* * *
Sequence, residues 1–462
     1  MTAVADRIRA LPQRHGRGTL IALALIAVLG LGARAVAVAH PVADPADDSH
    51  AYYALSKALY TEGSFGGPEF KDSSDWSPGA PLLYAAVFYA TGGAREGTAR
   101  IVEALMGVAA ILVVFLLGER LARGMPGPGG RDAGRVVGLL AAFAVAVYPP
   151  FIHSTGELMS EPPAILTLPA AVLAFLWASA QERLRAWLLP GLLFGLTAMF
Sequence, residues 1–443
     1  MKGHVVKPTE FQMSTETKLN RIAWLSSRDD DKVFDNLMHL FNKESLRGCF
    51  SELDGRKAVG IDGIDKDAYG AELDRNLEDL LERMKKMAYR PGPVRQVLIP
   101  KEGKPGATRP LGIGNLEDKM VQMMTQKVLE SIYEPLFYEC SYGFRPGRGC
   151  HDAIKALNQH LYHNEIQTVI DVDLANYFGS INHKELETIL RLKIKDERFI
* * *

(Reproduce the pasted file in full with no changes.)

Sequence, residues 1–462
     1  MTAVADRIRA LPQRHGRGTL IALALIAVLG LGARAVAVAH PVADPADDSH
    51  AYYALSKALY TEGSFGGPEF KDSSDWSPGA PLLYAAVFYA TGGAREGTAR
   101  IVEALMGVAA ILVVFLLGER LARGMPGPGG RDAGRVVGLL AAFAVAVYPP
   151  FIHSTGELMS EPPAILTLPA AVLAFLWASA QERLRAWLLP GLLFGLTAMF
Sequence, residues 1–443
     1  MKGHVVKPTE FQMSTETKLN RIAWLSSRDD DKVFDNLMHL FNKESLRGCF
    51  SELDGRKAVG IDGIDKDAYG AELDRNLEDL LERMKKMAYR PGPVRQVLIP
   101  KEGKPGATRP LGIGNLEDKM VQMMTQKVLE SIYEPLFYEC SYGFRPGRGC
   151  HDAIKALNQH LYHNEIQTVI DVDLANYFGS INHKELETIL RLKIKDERFI